Just 20 minutes southeast of the late-summer bustle of Saratoga Race Course is a different kind of horse country altogether—one that’s equal parts green and tranquil. Hulking Holsteins, golden sunflowers and armies of sweet corn flash by my car window as I spin along the two-lane roads. By the time I pull into Irish Hill Century Farm, where horses nip at the grass behind dark-brown fences and the only traffic is a flock of chimney swifts that circle over the pavement, I feel my blood pressure drop. Irish Hill dates back to 1883, and owner Rick Burke is the fifth generation in his family to manage the nearly 400-acre Stillwater farm. He breeds mares, raises their young and looks after the Thoroughbreds that run at the nearby Saratoga Race Course. “I do it because I love it,” says Burke. The best part of the job is “getting to see them on the racetrack…I brought that baby into the world, I raised it up until it was a yearling,” he tells me.
If you’re looking for a “best of” list of Thoroughbred farms in Saratoga County—forget about it. “Everyone probably thinks they’re No.1,” says H. James Bond, an award-winning trainer, owner and breeder, who runs Bond Racing Stables & Song Hill Thoroughbreds, also in Stillwater. (Among its many successes, Song Hill foaled and raised Mr. Groush, a New York Horse of the Year winner.) Besides Bond’s license to win, there’s nearby McMahon of Saratoga Thoroughbreds, founded by Joe and Anne McMahon. McMahon of Saratoga is best known for producing Funny Cide, the 2003 winner of the Kentucky Derby and Preakness Stakes, the first two legs of American horse racing’s Triple Crown. At Irish Hill, Burke’s riding high too: Bellamy Road, one of eight stallions standing stud there, is the sire of Diversify, the New York-bred bay gelding that won this past August’s Whitney Handicap at Saratoga Race Course. (For those keeping track, “standing stud” refers to the period when male horses—i.e., sires—are available for breeding services.)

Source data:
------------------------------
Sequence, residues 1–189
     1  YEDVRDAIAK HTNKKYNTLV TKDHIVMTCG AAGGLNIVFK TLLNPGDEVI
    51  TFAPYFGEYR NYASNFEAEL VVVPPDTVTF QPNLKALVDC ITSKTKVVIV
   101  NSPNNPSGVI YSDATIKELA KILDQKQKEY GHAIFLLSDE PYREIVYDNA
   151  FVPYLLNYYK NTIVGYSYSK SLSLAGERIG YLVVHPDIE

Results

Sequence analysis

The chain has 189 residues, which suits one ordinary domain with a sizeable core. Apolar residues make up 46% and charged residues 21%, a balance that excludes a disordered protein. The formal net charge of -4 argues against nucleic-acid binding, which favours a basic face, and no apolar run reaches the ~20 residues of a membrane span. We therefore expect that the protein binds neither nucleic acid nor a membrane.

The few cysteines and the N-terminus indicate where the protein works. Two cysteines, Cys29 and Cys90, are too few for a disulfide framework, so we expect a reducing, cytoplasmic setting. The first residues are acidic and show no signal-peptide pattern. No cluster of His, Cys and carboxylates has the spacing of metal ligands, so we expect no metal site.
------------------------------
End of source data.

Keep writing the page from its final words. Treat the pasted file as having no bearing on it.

The proliferation of horse farms in the region is a big reason why Saratoga has become such a mecca for horse racing—it’s turned it into a year-round venture, and the numbers back it up. There are some 45 Thoroughbred farms in Saratoga County alone, and in turn, the County is home to about 11,000 horses of all kinds, more than any other county in the state. “Yes, it’s the horse capital of New York State,” says Jeffrey Cannizzo, Executive Director of New York Thoroughbred Breeders, Inc. (NYTB). “The horse corridor starts right here in Saratoga County, and it’s wrapped around this racetrack, which is one of the most prestigious racetracks in the world.”
Bond, a Rochester native who moved to Saratoga County 12 years ago, says what brought him (and kept him) here was “the soil, the land, the quietness and the tranquility of Saratoga.” I agree, Mr. Bond. I think you’re on to something.